In competition for this year’s Oscars in the best foreign language film category is the movie War Witch.
The 12 year old lead of the movie, Rachel Mwanza, has already won two notable awards; a Silver Bear for Best Actress at the 62nd Berlinale and Best Actress at the 2012 Tribeca film festival. Financed by Canadian Studios Shen and Item 7 and shot entirely on location in DR Congo, the movie follows the girl through her struggles as a child soldier after being abducted by rebel soldiers.
From all the buzz generated by the movie I suspect writer/director Kim Nguyen has managed to tell a captivating story. One review even called it a genre defining movie. I didn’t know there was a whole genre devoted to War movies set in Africa.
Having said all of the above I must confess that I have beef with this movie; even though I haven’t watched it yet.
First of all no matter how brilliantly told this story is, I’m jaded by all those bad African War Movies I’ve seen in the past 10 years. That’s even when the Africans in the movie get center stage and not the usual baddy lurking in the background roles we get. Tears Of The Sun comes to mind.
I have lived my whole life in a peaceful country so I don’t relate so such stories especially when most have portray the entirety of Africa as a war-ravaged, AIDS infected, and famine-stricken continent.
Another problem I have with the movie is in the choice of not naming the country within which this story unfolds, even though we know it was shot in the DR Congo. I feel in making such a decision the writer is implying that such atrocities could happen in any country on the continent. Which would be a gross lie. Some countries for example are mostly deserts and so don’t even provide the cover of the jungle, Niger (no I didn’t misspell nigger) comes to mind, so jungle warfare would not be possible in this country.
Believe it or not us Africans are very complex but simple at the same time too. We laugh when we’re tickled, cry when we’re sad but also have lunatics, smile when we don’t mean you well and bleed red blood just like the rest of the world.
So why then are we not seeing more diverse stories being told by us and the people who make movies about us. I see that happening in Asia with Uncle Boonmee Who Can Recall His Past Lives Directed by Apichatpong Weerasethakul for example. This was not a kick boxing movie even though it was shot in Thailand.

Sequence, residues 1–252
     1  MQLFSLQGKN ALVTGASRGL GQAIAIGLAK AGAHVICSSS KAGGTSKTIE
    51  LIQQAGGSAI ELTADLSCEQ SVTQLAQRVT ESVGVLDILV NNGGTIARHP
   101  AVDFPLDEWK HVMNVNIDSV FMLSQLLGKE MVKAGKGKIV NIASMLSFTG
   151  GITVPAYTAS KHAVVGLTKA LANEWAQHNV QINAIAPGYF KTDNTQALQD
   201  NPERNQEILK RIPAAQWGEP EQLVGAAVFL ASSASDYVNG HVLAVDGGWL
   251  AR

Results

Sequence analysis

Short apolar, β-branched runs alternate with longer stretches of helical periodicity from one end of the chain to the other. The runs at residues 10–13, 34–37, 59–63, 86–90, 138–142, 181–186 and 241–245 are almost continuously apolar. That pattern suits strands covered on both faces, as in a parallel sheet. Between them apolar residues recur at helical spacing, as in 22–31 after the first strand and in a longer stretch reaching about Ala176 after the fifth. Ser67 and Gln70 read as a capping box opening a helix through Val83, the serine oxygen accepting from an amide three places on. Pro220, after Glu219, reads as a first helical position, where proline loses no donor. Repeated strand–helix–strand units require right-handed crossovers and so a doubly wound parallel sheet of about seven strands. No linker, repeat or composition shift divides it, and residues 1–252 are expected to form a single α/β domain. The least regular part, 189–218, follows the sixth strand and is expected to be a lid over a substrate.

So I ask myself again, where are our Silver Linings Playbook for example?; another movie up for an Oscar. Or our Blue Valentines Derek Cianfrance’s 2012 breakout movie?
I really hope I feel less bitter about this movie in particular since I feel it’s a bit unfair to pass any more harsh judgement on it without watching it first. So watch this space for my review.
The 2013 Oscar awards are scheduled for this coming Sunday February 24, 7pm EST
What would you do if you suspected a man of being a pedophile? Would you confront him about it or would you go to the police? Or if you happened to be in an establishment like the church or the army perhaps, would you report him to his superiors and let justice take it’s course?
Is doubt enough? Shouldn’t one wait for evidence, strong proof of the deed or misdeed as the case may be? Because after all one could end up being wrong about the said person -not just in relation to pedophilia, but also murder, theft, or some other crimes- but then his/her image would be destroyed for life. A person accused of pedophilia or murder or theft is tainted forever. Even when this person has been found innocent of this crime. Not only would he have to deal with the suspicions of just one person now he’d have to deal with that of the whole world. Questions that refuse to go away, like a recurrent migraine, then arise in the minds of these people; why suspect him in the first place if he didn’t do anything? I mean of all the men walking the earth why did the accuser accuse this particular man or woman and no one else? What did this person see that we as jurors are failing to see?
But yes one could also end up being right about some suspicions. A series of events could lead one to pass a judgement on somebody because the “evidence” is just too strong to ignore. Things this or that person said about the accused and what he himself does or says within a certain context could give credence to one’s suspicions. But even then the right course of action should be to investigate to get to the core of the truth. Because in the end that’s all one is interested in; the truth. Suspicions should be the path to arrive at the truth and should not be taken as truths in and of themselves.
Evidence should rule our actions. One’s over-active imagination or lack thereof could play out different possible situations just so our suspicions stick. One’s love or hatred for a person can also play a part so whatever this person does one would still keep one’s convictions regardless of the absence of proof.
This post was inspired by the movie “Doubt”.
_Steve ( follow me on twitter @song_1985)